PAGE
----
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Royal County Down, 10th hole (photo by Kevin Murray)

15th hole, Portmarnock Golf Club (Portmarnock, Ireland)

Portmarnock isn’t the most dramatic-looking course on the Emerald Isle—or even the most dramatic near Dublin. But the subtleties of its design and the endless challenges it presents as you navigate its rumpled fairways have earned it a rightful spot among Ireland’s top courses. Here at the 15th hole, the Irish Sea comes into view, but you’d do well to give it just a quick glance and refocus, since the 204-yard tee shot awaiting you will require your full attention. To reach this deep but narrow putting surface safely, you’ll need to fly your ball over some low dunes and avoid a trio of bunkers guarding the front-right and front-left of the green. Again here, a run-up shot is possible, but only if you get the right kick when you land. There are steep run-offs to the back and left of the green from which saving par will be a magician’s trick. The good news: Should you find the green with your tee shot, you’ll find it to be a hospitable one that’s free of any significant swales.

Portmarnock, 15th hole (photo by L.C. Lambrecht)

4th hole, County Sligo Golf Club (Rosses Point, Ireland)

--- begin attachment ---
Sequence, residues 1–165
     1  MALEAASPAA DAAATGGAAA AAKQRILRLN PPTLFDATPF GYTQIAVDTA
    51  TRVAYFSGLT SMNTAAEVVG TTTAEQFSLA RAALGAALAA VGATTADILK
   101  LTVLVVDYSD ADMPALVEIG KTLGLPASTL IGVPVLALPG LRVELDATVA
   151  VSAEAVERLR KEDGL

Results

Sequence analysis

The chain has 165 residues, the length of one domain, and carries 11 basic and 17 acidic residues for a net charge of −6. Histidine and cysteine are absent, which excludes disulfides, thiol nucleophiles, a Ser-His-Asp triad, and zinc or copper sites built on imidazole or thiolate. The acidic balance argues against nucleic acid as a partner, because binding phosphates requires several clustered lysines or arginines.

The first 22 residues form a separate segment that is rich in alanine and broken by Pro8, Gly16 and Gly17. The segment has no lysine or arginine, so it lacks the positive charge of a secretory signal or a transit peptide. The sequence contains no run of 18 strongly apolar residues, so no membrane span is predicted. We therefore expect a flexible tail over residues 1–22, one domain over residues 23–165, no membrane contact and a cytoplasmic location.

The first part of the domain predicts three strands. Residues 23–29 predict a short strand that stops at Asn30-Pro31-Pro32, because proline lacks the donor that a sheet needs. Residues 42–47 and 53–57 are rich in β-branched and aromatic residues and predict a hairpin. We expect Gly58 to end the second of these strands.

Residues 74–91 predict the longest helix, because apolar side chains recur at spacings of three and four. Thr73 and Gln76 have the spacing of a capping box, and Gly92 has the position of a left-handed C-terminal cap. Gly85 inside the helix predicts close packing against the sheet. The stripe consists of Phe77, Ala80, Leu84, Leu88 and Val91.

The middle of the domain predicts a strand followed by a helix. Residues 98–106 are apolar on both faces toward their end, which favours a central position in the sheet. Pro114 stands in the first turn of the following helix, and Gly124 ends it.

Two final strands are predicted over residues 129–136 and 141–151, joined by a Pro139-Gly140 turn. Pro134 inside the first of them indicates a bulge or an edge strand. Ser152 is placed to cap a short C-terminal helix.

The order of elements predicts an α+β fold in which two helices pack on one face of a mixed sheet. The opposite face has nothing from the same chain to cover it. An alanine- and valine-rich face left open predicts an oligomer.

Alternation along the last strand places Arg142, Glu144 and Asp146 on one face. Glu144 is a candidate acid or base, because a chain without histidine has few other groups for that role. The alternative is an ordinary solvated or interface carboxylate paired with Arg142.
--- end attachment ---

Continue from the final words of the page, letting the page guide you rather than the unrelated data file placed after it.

When Harry Colt saw the small hillock on which he plotted the 4th green at this standout northwest Ireland course, he must have smiled. A more perfect green site it would be hard to find. It closely resembles the towering, flat-top, nunatak rock formation watching from the distance called Benbulben, made famous in the poetry of local bard William Butler Yeats. The green sits at the top of this small but steep hillock, requiring you to hit to the exact right yardage—or else. It’s a downhill tee shot from 164 yards; you can see the challenge right in front of you. The green is round and broad. It should easily be hittable, you think. But just watch as the wind drifts your ball toward one of the edges of the green and sends it slowly, agonizingly, rolling to the bottom of the hill. And that’s where the real fun begins. Do you try to putt it up the steep slope? Flop it off the tight links turf? Hit a bump-and-run shot with an 8-iron or 6-iron? Choices, choices. Attempting to save par from so far below the putting surface here is so much fun that you might almost want to miss the green on purpose. Many players will end up with this opportunity whether they do so intentionally or not.